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How to generate rotating magnetic fields electronically

10 Aug 2015  | F Ferrero, J Blanco, JC Campo, M Valledor

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Many applications, such as medical therapies, magnetic stirrers, and induction heating, require a rotating magnetic field, which you can generate by attaching multiple permanent magnets to a dc motor. This technique involves problems, including noise and the need to maintain the moving parts. This design idea describes how you can instead use a microcontroller and a full-bridge driver to generate variable magnetic fields without mechanical elements. The approach requires no maintenance, does not wear out, and provides high-precision speed control. It does, however, require large cores to achieve powerful magnetic excitation.

You can excite a stationary magnetic coil with an ac current, which induces a north pole and a south pole that change at the frequency of the signal excitation. You can increase the number of poles by implementing a configuration with more magnetic coils. Figure 1 shows a practical arrangement of the coils and the typical excitation waveforms. Note that the terminals of each pair of coils connect in series opposition to always obtain magnetic fields with different polarity.

Figure 1: Two pairs of magnetic coils and their excitation waveforms show how to generate a rotating magnetic field.

Multiple ICs can drive inductive loads. This circuit uses an L6204 dual full-bridge driver from STMicroelectronics. Each bridge has four power-DMOS transistors with on-resistances of 1.2Ω. A PIC16F628 microcontroller from Microchip controls the switches of the dual-bridge driver (figure 2). Typical waveforms show how each circuit is excited (figure 3).

Figure 2: The circuit comprises a full-bridge driver and a microcontroller.

To ensure the correct driving of high-side drivers, the circuit supplies a voltage higher than the supply voltage at IC2's Pin 20. External capacitors C1 and C2 and diodes D1 and D2 use a charge-pump method to produce this voltage. You can independently control the four half-bridges by means of the IN1, IN2, IN3, IN4, ENABLE1, and ENABLE2 inputs.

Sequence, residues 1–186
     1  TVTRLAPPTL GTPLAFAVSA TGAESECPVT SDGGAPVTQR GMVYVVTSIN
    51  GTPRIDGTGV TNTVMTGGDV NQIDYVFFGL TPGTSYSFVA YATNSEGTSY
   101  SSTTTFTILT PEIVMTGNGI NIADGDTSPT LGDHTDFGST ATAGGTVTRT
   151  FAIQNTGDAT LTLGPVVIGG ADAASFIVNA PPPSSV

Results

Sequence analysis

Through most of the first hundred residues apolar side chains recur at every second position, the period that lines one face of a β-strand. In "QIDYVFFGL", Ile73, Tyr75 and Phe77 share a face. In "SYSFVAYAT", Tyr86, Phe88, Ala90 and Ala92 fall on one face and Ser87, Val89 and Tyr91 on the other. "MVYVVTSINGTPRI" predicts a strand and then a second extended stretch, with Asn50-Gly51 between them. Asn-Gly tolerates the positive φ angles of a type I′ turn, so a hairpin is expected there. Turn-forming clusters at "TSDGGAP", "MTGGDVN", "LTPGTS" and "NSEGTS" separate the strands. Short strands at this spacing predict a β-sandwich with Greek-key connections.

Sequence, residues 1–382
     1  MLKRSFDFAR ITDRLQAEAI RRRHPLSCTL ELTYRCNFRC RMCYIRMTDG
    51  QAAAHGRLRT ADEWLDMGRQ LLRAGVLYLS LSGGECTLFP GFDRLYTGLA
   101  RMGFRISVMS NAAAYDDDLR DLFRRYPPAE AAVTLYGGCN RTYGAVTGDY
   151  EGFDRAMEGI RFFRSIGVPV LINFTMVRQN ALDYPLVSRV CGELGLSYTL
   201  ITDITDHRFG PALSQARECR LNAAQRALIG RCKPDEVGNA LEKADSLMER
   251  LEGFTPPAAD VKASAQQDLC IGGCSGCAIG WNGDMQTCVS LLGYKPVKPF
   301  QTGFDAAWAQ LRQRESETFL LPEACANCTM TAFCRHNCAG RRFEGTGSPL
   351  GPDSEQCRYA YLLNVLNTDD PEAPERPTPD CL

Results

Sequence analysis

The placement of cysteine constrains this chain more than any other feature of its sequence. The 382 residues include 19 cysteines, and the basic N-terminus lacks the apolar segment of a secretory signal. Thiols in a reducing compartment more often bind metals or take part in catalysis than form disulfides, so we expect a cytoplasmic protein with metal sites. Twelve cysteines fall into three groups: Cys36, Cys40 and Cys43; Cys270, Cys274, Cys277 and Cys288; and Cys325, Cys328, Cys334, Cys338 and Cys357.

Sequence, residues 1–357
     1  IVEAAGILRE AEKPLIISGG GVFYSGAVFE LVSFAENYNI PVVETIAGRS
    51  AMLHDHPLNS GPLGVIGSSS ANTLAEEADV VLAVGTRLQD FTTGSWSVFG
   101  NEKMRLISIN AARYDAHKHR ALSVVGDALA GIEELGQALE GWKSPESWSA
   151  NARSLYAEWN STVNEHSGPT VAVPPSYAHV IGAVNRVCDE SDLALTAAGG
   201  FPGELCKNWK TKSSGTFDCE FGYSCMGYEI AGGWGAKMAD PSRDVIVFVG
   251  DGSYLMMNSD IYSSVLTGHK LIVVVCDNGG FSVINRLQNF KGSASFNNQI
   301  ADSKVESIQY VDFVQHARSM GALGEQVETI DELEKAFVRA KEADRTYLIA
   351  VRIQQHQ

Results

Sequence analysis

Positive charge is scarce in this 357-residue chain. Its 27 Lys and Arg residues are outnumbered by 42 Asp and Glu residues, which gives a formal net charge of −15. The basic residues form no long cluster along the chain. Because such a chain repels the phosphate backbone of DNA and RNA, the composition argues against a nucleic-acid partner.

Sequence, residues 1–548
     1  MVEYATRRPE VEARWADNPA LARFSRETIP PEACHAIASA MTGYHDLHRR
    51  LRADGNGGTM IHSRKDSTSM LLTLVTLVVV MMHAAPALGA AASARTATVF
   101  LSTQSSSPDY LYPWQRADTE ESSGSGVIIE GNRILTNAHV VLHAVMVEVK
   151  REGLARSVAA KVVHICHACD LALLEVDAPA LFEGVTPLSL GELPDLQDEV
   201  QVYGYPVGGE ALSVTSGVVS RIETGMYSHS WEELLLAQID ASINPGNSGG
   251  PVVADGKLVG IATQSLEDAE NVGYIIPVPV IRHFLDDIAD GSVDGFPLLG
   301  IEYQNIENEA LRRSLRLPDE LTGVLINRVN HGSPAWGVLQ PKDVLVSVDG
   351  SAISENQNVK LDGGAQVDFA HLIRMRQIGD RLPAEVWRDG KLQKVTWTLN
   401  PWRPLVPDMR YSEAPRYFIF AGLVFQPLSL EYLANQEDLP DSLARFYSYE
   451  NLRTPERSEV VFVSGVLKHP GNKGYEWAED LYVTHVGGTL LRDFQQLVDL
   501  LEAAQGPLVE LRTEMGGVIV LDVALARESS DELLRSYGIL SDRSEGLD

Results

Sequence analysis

Figure 3: Waveforms show how each coil is excited.

The microcontroller timer's interrupt generates the IN1 to IN4 waveforms with high precision. Using a 10MHz oscillator crystal and fixing the postscaler to eight, the microcontroller's counter increments every 3.2µsec: 1/((10MHz/four instructions)/eight). Taking into account that the interruptions generate when the counter overflows and the maximum count is as high as 65,535, or 16 bits, you can program the interruptions at 3.2µsec and 210 msec: 3.2×65,535.

From this wide range of interruptions, the firmware lets the user select the precharge within a small subrange of frequencies divided into 10 levels, meaning that you must vary the interruption from 49.89 to 60.45µsec, a good range for this application. The new frequency of the interruption has a simple calculation that includes the level; the maximum frequency; and the separation between levels, which is a constant value that the operations include.

About the authors
F Ferrero, J Blanco, JC Campo and M Valledor are with University of Oviedo, Gijón, Spain.

This article is a Design Idea selected for re-publication by the editors. It was first published on February, 2010 in

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